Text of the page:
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Listed Building
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Date first listed:
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Ordnance survey map of CHURCH OF ST NICHOLAS
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Statutory Address:

The building or site itself may lie within the boundary of more than one authority.

Dover (District Authority)
National Grid Reference:
TR 26425 50146


EYTHORNE BARFRESTONE TR 25 SE 3/11 Church of St Nicholas 11.10.63 GV I Parish church, Circa 1180, restored 1839-42 by R.C. Hussey. Flint and Caenstone ashlar with plain tiled roof. Nave and chancel. Complete if small, very finely and sumptuously decorated late C12 building, only a 2 light C15-window in the west wall not of C12 date although here also is a C12 lancet and quatrefoil. The lower half of the walls throughout are of flint, with ashlar above with blind arcading except on the west wall and with corbel table to roof. The arcading generally alternately large and small semi-circular arches, the latter with lancet windows, with pointed heads where pinched in above north and south doorways. East end with arcaded and weathered base with buttresses, and large wheel window, the spokes consisting of colonnettes,with beasts' heads as capitals, with leaves and winged beasts in the surround, with the arcading and lancets below. Recesses surround the wheel window with fragments of sculptures of the Evangelists' symbols, and of a Knight on horseback. Brackets to left and right on gable ends bearing crouching lions. Sculptural fragment on south chancel wall, mutilated and indecipherable but for the architectural tabernacle. Otherwise the ornament is expressed in the 3 doorways: north door, with attached shafts with enriched capitals, and imposts to the door surround with bestial heads, with 4 orders to surround; an enriched chevron, roll mould, triple zig-zag and a roll mould. Priest's door (south chancel wall), with billet moulded hood and chevron moulded side pieces, with 3 heads dropped down from concave tympanum. The south door has the richest expression of sculpture. Two sets of attached shafts, the capitals carved with beasts and charging armoured knights, the inner shafts with water leaf volutes as are the spurred bases to the shafts. Three orders around tympanum, with an outer enriched, foliated roll mould, then a dozen sunk medallions with signs of the zodiac and the labours of the month, but also with some warriors and Samson, with a thick roll within this with animals cavorting and playing musical instruments, with a figure of a bishop at the apex. An inner roll of enriched foliate design surrounds the tympanum, which has loops of foliage enclosing figures of angels, human heads and beasts, with central figure of Christ in a mandorla. The door itself with 3 large C19 strap hinges scrolled and bifurcated. Scratch dials are cut into the doorway surround. Interior: Nave and chancel with C19 wooden tunnel vault roofs. All the window reveals have roll moulded surrounds. Continuous enriched band in nave at sill level and raised over door heads, with trefoil and flower ornament, with carvings on north wall of a fox and a rabbit apparently stewing another rabbit and a monkey blowing a pipe; with C19 wyvern and lion.Dogtooth over rere-arches of nave windows. Chancel arch: with niches to left and to right with attached crocketed shafts, roll mould and zig-zag. Chancel arch itself with a billet moulded drip, triple zig-zag moulding, chevron moulded and plain inner rolls. Moulded imposts carried as if a cornice across the side niches, and with large attached zig-zag shafts with crocketed capitals similar to those found at Bredgar, Bapchild and several other churches in the Sittingbourne area, all ultimately based on Canterbury Cathedral work of the 1170s. The decorated strings in the chancel, embattled in part with punched holes in relief, and the dogtooth show signs of the C19 restoration (involving the complete taking down and rebuilding of the chancel stone by stone). The wheel window surround is, as with the exterior, decorated with winged beasts and floriate patterns. Fittings: Aumbries in north and south walls, the latter with a trefoiled head. Glass: C19 in style, in the wheel window, by W. Miller, Paintings: Very faint traces in the chancel north-east window, the only remains of very extensive paintings destroyed in the 1839-41 rebuilding. Monuments: Thomas Boys d.1599, wall plaque in chancel. Black and white alabaster monument with strapwork base, and side pieces with ribband and strapwork decoration, topped by cornice with ball and steeple finials and achievement in strapwork surround. A plain black and white wall plaque with simple surround and cornice of similar date, but illegible inscription is on the south wall. (See B.O.E. Kent II 1983, pp 133-4).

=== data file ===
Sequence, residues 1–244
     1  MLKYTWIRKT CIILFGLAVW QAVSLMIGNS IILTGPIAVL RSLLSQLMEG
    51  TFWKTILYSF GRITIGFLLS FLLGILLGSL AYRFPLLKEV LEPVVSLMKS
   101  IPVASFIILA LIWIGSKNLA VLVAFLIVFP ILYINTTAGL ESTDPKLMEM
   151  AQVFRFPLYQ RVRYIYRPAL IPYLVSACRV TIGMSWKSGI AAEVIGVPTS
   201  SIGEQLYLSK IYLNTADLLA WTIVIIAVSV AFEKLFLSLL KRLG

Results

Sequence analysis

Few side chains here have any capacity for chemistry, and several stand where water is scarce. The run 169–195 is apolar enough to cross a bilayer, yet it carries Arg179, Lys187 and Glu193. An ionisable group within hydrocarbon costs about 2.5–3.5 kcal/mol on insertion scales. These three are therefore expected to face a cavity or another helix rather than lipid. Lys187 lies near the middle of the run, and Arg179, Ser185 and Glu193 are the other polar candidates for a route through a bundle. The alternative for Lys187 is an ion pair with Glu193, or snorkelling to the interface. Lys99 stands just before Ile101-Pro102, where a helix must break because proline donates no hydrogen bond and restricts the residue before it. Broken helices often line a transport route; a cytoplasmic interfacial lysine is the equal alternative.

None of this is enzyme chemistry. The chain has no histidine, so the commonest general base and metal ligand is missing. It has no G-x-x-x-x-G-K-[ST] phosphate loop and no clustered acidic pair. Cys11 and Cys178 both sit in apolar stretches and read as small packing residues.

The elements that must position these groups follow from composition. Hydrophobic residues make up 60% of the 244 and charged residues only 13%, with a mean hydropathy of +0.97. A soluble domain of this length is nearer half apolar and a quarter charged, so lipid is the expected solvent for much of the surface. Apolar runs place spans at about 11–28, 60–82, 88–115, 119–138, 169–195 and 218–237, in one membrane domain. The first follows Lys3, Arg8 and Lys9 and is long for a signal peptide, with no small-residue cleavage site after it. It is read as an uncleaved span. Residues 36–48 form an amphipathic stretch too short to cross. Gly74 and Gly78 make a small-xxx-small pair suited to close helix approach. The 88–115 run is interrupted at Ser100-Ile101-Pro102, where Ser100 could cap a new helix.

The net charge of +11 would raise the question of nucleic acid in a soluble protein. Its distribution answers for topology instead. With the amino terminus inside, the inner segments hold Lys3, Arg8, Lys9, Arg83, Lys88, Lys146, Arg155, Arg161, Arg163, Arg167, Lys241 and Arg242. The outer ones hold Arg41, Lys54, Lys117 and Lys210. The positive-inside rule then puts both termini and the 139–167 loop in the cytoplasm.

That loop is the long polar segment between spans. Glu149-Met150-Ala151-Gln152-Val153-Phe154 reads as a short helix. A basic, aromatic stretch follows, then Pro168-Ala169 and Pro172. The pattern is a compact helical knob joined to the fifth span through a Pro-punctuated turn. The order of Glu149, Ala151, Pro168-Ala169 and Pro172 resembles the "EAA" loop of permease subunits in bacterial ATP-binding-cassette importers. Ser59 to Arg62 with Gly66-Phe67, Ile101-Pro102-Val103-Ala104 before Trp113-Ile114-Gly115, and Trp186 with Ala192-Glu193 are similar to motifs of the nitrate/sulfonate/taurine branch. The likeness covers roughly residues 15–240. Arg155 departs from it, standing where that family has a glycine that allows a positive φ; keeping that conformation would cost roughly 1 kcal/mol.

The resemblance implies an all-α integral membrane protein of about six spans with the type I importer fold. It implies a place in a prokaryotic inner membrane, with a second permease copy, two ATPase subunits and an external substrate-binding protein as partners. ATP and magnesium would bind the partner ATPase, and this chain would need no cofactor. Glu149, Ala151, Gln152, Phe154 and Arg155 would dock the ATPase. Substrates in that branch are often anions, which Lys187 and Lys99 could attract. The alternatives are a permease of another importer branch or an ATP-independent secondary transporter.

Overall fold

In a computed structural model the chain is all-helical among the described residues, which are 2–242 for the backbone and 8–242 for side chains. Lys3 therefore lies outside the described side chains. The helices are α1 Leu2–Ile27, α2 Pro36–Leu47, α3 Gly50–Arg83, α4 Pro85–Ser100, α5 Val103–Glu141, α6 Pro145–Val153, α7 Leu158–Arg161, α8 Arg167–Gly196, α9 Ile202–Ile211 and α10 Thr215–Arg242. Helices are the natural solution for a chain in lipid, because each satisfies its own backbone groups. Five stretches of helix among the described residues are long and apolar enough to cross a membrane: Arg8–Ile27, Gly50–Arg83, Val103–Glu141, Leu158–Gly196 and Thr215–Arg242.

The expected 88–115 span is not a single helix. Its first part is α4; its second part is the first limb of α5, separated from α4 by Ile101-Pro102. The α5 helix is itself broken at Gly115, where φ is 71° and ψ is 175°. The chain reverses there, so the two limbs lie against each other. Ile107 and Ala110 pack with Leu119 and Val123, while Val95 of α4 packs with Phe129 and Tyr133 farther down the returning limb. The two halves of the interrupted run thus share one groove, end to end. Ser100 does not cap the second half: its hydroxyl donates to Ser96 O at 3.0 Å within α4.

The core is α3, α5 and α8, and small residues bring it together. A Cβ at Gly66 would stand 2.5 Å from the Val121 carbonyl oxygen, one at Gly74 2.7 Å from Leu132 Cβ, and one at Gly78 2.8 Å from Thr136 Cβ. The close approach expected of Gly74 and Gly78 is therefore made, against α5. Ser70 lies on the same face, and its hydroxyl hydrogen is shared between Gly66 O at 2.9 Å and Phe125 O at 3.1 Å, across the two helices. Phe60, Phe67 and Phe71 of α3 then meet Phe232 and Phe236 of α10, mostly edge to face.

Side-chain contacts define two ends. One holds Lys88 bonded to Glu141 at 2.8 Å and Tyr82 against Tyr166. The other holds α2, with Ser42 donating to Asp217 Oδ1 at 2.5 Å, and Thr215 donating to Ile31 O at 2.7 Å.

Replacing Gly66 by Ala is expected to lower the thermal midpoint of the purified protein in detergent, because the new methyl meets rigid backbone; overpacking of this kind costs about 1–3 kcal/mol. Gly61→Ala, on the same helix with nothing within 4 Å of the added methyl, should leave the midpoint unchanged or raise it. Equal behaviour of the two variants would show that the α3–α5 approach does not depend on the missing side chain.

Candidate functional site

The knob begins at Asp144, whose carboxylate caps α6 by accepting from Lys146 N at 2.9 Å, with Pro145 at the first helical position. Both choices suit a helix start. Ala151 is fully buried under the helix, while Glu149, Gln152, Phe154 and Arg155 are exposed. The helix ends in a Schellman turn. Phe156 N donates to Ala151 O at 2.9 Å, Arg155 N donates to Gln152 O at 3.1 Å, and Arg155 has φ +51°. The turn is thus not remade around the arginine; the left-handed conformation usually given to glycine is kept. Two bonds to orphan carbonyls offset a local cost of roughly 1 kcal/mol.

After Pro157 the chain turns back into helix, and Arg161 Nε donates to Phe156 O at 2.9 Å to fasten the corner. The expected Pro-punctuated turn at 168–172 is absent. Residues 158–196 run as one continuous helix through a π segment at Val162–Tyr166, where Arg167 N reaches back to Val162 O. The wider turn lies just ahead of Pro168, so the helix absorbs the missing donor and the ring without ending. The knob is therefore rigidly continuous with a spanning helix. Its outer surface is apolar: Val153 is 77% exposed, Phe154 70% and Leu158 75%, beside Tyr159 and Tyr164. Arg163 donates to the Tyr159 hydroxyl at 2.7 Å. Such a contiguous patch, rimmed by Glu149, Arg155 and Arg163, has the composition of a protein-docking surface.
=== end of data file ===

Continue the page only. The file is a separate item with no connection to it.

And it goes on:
Listing NGR: TR2625350175


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Books and journals
Newman, J, The Buildings of England: North East and East Kent, (1983), 133-4


This building is listed under the Planning (Listed Buildings and Conservation Areas) Act 1990 as amended for its special architectural or historic interest.

End of official listing

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Date: 06 Oct 2004
Reference: IOE01/13440/01
Rights: Copyright IoE Mrs Valerie E. Davies. Source Historic England Archive
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